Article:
get_pdf(html, options=None, output=None)

`html`: HTML string to render
`options`: An optional `dict` for configuration
`output`: A optional `PdfFileWriter` object.

This function uses pdfkit and pyPDF2 modules to generate PDF files from HTML. If output is provided, appends the generated pages to this object and returns it, otherwise returns a byte stream of the PDF.

For instance, generating and returning a PDF as response to a web request:

import frappe
from frappe.utils.pdf import get_pdf

def generate_invoice():
    cart = [{
        'Samsung Galaxy S20': 10,
        'iPhone 13': 80

    html = '<h1>Invoice from Star Electronics e-Store!</h1>'

    # Add items to PDF HTML
    html += '<ol>'
    for item, qty in cart.items():
        html += f'<li>{item} - {qty}</li>'
    html += '</ol>'

    # Attaching PDF to response
    frappe.local.response.filename = 'invoice.pdf'
    frappe.local.response.filecontent = get_pdf(html)
    frappe.local.response.type = 'pdf'


get_abbr(string, max_len=2)

Returns an abbrivated (initials only) version of the given string with a maximum of max_len letters. It is extensively used in Frappe Framework and ERPNext to generate thumbnail or placeholder images.

from frappe.utils import get_abbr

get_abbr('Gavin') # 'G'
get_abbr('Coca Cola Company') # 'CC'
get_abbr('Mohammad Hussain Nagaria', max_len=3) # 'MHN'


validate_url(txt, throw=False, valid_schemes=None)

`txt`: A string to check validity
`throw`: Weather to throw an exception if `txt` does not represent a valid URL, `False` by default
`valid_schemes`: A string or an iterable (list, tuple or set). If provided, checks the given URL's scheme against this.

This utility function can be used to check if a string represents a valid URL address.

from frappe.utils import validate_url

validate_url('google') # False
validate_url('https://google.com') # True
validate_url('https://google.com', throw=True) # throws ValidationError


validate_email_address(email_str, throw=False)

Returns a string containing the email address or comma-separated list of valid email addresses present in the given email_str. If throw is True, frappe.InvalidEmailAddressError is thrown in case of no valid email address in present in the given string else an empty string is returned.

from frappe.utils import validate_email_address

# Single valid email address
validate_email_address('rushabh@erpnext.com') # 'rushabh@erpnext.com'
validate_email_address('other text, rushabh@erpnext.com, some other text') # 'rushabh@erpnext.com'

# Multiple valid email address
    'some text, rushabh@erpnext.com, some other text, faris@erpnext.com, yet another no-emailic phrase.'
) # 'rushabh@erpnext.com, faris@erpnext.com'

# Invalid email address
validate_email_address('some other text') # ''


validate_phone_number(phone_number, throw=False)

Returns True if phone_number (string) is a valid phone number. If phone_number is invalid and throw is True, frappe.InvalidPhoneNumberError is thrown.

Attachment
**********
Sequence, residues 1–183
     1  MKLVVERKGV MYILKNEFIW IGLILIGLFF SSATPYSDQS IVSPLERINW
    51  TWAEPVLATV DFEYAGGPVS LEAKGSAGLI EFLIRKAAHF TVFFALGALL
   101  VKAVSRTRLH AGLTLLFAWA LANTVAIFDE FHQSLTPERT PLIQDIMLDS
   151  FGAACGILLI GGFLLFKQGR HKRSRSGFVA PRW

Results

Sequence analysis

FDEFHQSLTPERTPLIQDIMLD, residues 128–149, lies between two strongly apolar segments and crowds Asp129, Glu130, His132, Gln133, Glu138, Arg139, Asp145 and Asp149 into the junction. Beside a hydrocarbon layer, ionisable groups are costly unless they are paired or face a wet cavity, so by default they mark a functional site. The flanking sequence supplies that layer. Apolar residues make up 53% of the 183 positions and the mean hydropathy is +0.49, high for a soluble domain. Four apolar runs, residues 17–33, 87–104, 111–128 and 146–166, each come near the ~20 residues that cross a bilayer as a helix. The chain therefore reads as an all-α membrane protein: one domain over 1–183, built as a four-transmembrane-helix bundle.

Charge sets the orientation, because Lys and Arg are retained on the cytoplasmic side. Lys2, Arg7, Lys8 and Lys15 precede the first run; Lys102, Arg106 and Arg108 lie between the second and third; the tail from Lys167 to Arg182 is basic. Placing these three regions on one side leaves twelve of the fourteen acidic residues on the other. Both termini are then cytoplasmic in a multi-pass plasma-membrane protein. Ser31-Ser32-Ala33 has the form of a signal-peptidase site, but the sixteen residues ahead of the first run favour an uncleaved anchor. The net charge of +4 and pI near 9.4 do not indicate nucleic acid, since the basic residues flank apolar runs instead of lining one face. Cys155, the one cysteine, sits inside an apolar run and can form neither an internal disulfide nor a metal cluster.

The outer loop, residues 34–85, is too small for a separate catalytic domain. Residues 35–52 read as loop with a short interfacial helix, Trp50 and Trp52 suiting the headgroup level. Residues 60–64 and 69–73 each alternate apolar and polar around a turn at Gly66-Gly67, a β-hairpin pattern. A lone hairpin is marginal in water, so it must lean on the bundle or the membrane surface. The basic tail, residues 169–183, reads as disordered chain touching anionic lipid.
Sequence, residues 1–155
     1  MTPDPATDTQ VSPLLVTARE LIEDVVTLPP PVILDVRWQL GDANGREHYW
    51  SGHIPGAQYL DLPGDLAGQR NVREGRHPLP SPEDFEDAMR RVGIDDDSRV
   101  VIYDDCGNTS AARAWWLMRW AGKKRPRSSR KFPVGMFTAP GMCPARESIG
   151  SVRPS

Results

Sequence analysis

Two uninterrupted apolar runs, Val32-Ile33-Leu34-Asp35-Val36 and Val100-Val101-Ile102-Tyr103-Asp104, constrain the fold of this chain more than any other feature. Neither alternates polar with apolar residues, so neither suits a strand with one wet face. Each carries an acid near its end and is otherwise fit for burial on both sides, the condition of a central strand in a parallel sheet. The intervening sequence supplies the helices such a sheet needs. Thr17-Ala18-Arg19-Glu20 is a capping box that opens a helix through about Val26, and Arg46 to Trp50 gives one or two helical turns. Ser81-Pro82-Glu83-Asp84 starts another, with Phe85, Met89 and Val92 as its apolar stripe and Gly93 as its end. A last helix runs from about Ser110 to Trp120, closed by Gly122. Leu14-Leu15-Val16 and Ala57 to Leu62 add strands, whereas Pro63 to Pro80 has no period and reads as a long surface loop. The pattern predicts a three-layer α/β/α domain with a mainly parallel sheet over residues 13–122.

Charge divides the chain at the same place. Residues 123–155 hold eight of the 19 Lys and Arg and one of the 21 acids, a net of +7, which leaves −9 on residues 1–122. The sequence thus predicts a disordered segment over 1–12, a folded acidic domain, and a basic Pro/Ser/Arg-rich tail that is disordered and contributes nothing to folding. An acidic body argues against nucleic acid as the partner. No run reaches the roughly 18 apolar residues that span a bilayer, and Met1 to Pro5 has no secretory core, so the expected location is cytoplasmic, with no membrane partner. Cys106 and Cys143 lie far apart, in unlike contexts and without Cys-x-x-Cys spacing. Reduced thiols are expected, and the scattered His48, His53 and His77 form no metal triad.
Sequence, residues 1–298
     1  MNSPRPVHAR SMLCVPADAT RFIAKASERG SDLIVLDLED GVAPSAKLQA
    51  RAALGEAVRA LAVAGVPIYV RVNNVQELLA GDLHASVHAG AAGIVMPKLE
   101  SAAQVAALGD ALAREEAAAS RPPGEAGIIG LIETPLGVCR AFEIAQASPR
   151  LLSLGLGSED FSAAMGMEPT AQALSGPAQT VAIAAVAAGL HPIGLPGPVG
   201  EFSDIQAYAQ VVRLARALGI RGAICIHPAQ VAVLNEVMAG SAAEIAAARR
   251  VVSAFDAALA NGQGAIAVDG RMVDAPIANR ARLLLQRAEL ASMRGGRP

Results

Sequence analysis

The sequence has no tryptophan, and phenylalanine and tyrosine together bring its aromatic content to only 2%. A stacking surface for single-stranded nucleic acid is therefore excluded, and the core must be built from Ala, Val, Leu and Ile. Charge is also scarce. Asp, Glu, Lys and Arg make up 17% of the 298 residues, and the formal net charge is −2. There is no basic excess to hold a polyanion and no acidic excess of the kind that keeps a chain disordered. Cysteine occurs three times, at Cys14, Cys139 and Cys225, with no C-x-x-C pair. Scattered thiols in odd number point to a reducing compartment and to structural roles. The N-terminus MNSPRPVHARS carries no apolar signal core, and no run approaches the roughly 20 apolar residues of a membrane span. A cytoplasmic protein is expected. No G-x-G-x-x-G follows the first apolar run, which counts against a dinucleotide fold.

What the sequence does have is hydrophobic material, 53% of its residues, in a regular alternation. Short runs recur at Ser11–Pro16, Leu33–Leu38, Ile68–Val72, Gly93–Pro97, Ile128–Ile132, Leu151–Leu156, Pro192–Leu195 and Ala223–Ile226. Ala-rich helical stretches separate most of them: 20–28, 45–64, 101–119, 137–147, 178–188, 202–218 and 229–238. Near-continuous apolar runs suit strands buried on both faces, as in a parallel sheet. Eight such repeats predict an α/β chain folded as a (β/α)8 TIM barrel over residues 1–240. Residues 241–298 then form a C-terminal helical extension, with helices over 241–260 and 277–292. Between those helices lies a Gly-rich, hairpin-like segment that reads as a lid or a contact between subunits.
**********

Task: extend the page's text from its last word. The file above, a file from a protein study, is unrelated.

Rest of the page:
from frappe.utils import validate_phone_number

# Valid phone numbers
validate_phone_number('753858375') # True
validate_phone_number('+91-75385837') # True

# Invalid phone numbers
validate_phone_number('invalid') # False
validate_phone_number('87345%%', throw=True) # InvalidPhoneNumberError



Returns the redis connection, which is an instance of class RedisWrapper which is inherited from the redis.Redis class. You can use this connection to use the Redis cache to store/retrieve key-value pairs.

import frappe

cache = frappe.cache()

cache.set('name', 'frappe') # True
cache.get('name') # b'frappe'


sendmail(recipients=[], sender="", subject="No Subject", message="No Message", as_markdown=False, template=None, args=None, **kwargs)

`recipients`: List of recipients
`sender`: Email sender. Default is current user or default outgoing account
`subject`: Email Subject
`message`: (or `content`) Email Content
`as_markdown`: Convert content markdown to HTML
`template`: Name of html template (jinja) from templates/emails folder
`args`: Arguments for rendering the template

For most cases, the above arguments are sufficient but there are many other keyword arguments that can be passed to this function. To see all the keyword arguments, please have a look the implementation of this function (frappe/__init__.py).

This function can be used to send email using user's default Email Account or global default Email Account.

import frappe

recipients = [

    subject=frappe._('Birthday Reminder'),
    header=_('Birthday Reminder 🎂')

Sample Jinja template file:

<!-- templates/emails/birthday_reminder.html -->
<div class="gray-container text-center">
        {% for person in birthday_persons %}
            {% if person.image  %}
                <img src="{{ person.image }}" title="{{ person.name }}">
            {% endif %}
        {% endfor %}
  <div style="margin-top: 15px">
    <span>{{ reminder_text }}</span>
    <p class="text-muted">{{ message }}</p>


File lock can be used to synchronize processes to avoid race conditions.

Example: Writing to a file can cause race condition if multiple writers are trying to write to a file. So we create a named lock so processes can see the lock and wait until it's avialable for writing.

from frappe.utils.synchronization import filelock

def update_important_config(config, file):
    with filelock("config_name"):
        json.dumps(config, file)